Kinning by Nisi Shawl (January 23rd)
Tor re-released Nisi Shawl's novel Everfair last year (it had been released previously in 2016), in which she introduced an alternate history where she reimagined Belgium's colonization of the Congo, one where African American missionaries carve out a free state called Everfair, a home for formerly enslaved people to come to.
In this sequel, Everfair has fended off some internal strife and conflicts, and we pick up the story of Tink and his sister Bee-Lung, who have been traveling around the world to spread spores of a fungus that helps generate empathy, building up sentiment for the principles that their nation was founded on. At the same time, Everfair's Princess Mwadi and Prince Ilunga have returned home from a trip to Egypt, and are each bent on taking the throne, and have to deal with new problems, external and internal, in order to survive as a symbol of hope for the rest of the world.
Publishers Weekly says that Shawl has "clearly done the research to create this expansive and well-crafted world."
Three Eight One by Aliya Whiteley (January 16th)
Set hundreds of years in the future, Aliya Whiteley follows the story of Rowena Savalas, the curator of an archive of the 21st Century internet, when she discovers a strange story posted in 2024. It's a story of a person named Fairly who is undertaking a quest now that she's come of age, followed by a mysterious "breathing man", and it's unclear if it's a true story or a fantasy. As she follows the rabbit hole of this story, Rowena begins to question the choices she's made in her life, and muses on some of the story's recurring elements, such as the number 381.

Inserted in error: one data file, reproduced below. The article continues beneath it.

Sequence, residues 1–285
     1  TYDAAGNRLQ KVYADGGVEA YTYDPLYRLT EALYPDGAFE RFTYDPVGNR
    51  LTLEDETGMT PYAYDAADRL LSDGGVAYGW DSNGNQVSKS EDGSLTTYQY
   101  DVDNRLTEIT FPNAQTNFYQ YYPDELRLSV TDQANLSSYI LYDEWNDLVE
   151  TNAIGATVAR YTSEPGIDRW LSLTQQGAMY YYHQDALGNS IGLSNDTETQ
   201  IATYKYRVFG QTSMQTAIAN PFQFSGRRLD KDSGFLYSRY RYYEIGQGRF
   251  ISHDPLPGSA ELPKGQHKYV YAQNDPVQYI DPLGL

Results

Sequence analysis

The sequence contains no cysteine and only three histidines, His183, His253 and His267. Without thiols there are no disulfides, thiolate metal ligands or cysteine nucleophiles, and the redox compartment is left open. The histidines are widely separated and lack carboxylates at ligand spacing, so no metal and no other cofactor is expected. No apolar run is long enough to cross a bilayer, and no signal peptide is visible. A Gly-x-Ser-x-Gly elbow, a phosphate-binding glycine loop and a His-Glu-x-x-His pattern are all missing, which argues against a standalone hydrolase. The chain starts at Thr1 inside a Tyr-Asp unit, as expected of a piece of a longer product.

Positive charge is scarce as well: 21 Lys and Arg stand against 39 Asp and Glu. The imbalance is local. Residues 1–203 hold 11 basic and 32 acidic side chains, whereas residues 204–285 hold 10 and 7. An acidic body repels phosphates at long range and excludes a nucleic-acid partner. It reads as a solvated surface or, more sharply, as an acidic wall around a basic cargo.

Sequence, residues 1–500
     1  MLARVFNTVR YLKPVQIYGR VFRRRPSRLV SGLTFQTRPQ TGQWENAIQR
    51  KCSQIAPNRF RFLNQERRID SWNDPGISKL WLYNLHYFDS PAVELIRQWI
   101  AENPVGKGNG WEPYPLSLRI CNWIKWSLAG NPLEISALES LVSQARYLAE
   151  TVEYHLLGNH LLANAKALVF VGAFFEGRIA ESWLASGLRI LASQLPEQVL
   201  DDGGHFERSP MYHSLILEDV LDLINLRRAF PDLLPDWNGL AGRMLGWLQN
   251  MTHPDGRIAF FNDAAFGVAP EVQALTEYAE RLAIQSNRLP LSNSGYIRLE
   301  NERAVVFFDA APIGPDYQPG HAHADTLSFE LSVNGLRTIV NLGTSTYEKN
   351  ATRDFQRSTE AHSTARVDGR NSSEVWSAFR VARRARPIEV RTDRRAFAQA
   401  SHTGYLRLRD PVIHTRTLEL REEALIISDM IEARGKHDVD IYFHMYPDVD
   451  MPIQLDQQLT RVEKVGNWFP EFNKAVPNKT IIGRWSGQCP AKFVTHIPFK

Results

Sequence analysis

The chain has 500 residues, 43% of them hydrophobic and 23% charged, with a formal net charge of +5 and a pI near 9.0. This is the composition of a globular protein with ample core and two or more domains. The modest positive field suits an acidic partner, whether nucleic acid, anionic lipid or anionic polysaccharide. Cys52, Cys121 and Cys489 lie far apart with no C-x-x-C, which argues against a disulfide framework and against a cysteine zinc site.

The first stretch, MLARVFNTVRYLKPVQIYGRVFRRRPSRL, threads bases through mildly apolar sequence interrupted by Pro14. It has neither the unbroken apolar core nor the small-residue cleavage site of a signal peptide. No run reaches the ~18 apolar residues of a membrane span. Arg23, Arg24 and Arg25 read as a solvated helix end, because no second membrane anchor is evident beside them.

Publishers Weekly says "Whitely’s ear for poetic prose will draw in readers who prefer their speculative fiction on the more literary side. Strange and slippery, this experimental outing offers lots to chew on."